Mr. Kuroda said that unlike in the late 1990s, when Japanese banks were saddled with mountains of nonperforming loans, banks now have the capital to expand lending and are resilient to external shocks, such as a rise in interest rates. Referring to a question of whether banks have been fulfilling their role in the economy, he said that low profit margins in lending have kept them from being "full of vigor and dynamism."
Mr. Kuroda acknowledged that recent reports showed that banks have increased lending for activities related to mergers and acquisitions, real-estate and natural-resources transactions, but he said loans to smaller companies have remained "sluggish."
Okay, but lend to whom? In Japan's case there is certainly not a shortage of wealth that could be lent by banking intermediaries to eager borrowers, if only there actually were enough eager borrowers. The problem is that Japan's demographic trend means there are fewer and fewer potential borrowers around year after year. It is not a matter of the banks not being able to lend (although the ZIRP policy has certainly sapped their interest rate margins), it is a matter of credit demand undergoing a natural shift in a downward direction. This is independent of the post bubble effects on private sector balance sheets, which have been largely worked out by now.
An essential point that seems to have escaped the members of the Abe administration and their appointees at the BoJ is that Japanese administrations have largely been tasked with what could be termed 'decline management' in recent years. Due to the country's culturally ingrained resistance to immigration, Japan's population decline is accelerating.
It may well be erroneous to extrapolate that decline indefinitely into the future (we cannot know whether some future Japanese generation decides to bear more children), but if the current trend persists over the next few decades, the population will decline by roughly 20 million people to 107 million from the current 127 million by 2040. The demographic profile of society suggest as much, with a quarter now aged 65 or older, while only 13% are children aged 14 or younger. Last year two ominous records were set: the biggest population decline in a single year in Japan's history, while at the same time the lowest number of babies was born since births have been systematically recorded.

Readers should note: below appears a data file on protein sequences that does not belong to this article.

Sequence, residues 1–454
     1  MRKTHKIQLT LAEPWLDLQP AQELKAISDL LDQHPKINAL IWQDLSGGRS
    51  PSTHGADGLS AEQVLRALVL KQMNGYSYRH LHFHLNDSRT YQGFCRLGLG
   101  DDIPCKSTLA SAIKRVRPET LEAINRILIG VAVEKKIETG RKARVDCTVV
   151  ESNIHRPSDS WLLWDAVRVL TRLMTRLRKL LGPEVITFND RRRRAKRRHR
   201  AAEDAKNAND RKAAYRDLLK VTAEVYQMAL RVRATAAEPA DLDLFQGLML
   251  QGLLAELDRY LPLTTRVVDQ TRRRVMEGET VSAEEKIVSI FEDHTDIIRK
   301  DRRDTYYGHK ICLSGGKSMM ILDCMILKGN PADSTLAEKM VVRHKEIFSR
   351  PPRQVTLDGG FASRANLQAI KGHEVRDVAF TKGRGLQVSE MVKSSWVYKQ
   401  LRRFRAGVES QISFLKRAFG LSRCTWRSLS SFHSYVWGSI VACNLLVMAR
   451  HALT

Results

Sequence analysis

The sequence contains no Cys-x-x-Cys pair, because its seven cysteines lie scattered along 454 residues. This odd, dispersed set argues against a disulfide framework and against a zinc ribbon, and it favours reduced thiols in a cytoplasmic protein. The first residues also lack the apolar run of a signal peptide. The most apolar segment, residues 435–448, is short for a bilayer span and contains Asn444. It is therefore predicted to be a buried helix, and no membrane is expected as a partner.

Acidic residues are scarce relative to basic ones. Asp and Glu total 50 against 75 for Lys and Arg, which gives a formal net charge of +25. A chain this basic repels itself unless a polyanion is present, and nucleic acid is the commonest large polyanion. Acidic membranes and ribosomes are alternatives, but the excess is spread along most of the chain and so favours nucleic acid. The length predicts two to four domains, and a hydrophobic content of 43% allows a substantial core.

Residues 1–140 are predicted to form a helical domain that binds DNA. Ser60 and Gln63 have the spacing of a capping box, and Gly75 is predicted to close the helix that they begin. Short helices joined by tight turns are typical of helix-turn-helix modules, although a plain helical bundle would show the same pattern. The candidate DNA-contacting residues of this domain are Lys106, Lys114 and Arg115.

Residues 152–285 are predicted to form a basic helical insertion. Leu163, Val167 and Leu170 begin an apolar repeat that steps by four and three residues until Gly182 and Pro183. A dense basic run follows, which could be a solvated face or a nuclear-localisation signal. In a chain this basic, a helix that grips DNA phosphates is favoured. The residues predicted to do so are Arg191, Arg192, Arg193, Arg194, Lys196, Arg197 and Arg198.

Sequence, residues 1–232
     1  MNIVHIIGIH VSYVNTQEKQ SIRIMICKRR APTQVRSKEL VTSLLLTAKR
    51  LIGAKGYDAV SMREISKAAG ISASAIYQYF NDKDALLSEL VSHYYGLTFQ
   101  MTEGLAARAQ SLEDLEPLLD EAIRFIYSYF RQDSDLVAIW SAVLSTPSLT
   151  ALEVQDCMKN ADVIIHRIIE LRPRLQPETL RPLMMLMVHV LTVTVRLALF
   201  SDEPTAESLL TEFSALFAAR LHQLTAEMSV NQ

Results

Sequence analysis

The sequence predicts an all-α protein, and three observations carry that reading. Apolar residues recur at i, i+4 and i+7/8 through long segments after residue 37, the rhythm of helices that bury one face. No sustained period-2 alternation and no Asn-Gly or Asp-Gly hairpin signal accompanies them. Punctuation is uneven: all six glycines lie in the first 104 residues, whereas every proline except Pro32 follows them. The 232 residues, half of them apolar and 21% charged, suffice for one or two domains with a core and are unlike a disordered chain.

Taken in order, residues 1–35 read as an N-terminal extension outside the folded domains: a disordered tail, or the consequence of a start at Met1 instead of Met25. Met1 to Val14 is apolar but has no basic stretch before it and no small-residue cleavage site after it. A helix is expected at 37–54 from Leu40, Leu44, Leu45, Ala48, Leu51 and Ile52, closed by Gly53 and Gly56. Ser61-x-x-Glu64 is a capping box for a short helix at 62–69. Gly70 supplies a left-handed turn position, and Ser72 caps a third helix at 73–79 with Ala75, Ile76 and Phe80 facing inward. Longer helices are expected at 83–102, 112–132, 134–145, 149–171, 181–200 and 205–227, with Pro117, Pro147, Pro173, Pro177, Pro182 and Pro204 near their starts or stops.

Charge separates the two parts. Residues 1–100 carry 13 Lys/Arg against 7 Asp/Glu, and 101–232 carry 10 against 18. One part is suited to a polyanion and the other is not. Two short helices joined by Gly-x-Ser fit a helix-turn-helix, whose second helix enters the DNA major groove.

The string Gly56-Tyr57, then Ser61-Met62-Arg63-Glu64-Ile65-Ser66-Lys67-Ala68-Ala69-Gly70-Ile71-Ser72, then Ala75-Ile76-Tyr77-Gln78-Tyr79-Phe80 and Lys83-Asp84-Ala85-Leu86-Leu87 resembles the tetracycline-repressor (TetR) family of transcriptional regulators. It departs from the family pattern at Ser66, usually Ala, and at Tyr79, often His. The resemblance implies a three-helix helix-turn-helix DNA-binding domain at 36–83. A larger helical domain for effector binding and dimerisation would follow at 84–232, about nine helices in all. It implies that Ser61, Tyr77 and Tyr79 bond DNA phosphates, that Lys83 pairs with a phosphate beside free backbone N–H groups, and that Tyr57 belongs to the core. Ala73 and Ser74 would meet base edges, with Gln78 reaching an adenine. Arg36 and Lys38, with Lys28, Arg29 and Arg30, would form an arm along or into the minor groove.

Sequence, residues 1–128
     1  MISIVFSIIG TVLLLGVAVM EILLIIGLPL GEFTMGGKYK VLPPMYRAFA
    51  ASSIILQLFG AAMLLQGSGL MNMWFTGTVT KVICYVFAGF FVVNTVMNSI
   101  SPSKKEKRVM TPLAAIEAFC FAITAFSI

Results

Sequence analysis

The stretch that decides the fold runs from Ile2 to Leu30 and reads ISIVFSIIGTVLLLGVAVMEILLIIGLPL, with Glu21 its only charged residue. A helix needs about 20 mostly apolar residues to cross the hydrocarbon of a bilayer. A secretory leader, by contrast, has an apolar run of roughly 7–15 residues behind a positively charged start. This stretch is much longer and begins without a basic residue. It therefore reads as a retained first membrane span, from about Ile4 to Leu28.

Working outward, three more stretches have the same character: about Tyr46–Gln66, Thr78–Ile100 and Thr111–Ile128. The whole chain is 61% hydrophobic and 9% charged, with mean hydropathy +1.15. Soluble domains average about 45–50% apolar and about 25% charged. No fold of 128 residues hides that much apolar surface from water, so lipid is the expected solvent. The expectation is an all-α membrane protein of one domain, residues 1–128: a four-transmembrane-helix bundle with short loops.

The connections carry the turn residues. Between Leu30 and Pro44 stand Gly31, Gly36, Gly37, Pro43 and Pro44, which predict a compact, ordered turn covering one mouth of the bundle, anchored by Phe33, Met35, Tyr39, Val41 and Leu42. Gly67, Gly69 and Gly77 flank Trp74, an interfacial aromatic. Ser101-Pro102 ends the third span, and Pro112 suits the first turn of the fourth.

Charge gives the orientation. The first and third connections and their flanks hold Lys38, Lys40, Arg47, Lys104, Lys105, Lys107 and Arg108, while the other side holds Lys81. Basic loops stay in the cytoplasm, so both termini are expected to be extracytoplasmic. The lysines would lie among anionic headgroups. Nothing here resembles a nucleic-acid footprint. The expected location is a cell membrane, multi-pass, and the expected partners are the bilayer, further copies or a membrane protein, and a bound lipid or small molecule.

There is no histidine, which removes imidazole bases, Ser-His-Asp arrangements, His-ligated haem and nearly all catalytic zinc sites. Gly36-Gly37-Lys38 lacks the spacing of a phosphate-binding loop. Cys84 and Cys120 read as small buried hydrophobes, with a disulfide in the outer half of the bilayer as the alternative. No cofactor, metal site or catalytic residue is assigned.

Meanwhile, 10 year JGBs have been falling again overnight (May 28), but continue to cling to the previously mentioned important shelf of longer term lateral support that extends from about 139 to 141 points.
The JGB contract stair-steps lower again. While these moves appear to be small, they refer to the second biggest outstanding public debt pile in the world, so the absolute amounts lost by holders in the aggregate are fairly sizable – via Stockmaster.in – click to enlarge.
It is that time of the year again – our semi-annual funding drive begins today. Give us a little hand in offsetting the costs of running this blog, as advertising revenue alone is insufficient. You can help us reach our modest funding goal by donating either via paypal or bitcoin. Those of you who have made a ton of money based on some of the things we have said in these pages (we actually made a few good calls lately!), please feel free to up your donations accordingly (we are sorry if you have followed one of our bad calls. This is of course your own fault). Other than that, we can only repeat that donations to this site are apt to secure many benefits. These range from sound sleep, to children including you in their songs, to the potential of obtaining privileges in the afterlife (the latter cannot be guaranteed, but it seems highly likely). As always, we are greatly honored by your readership and hope that our special mixture of entertainment and education is adding a little value to your life!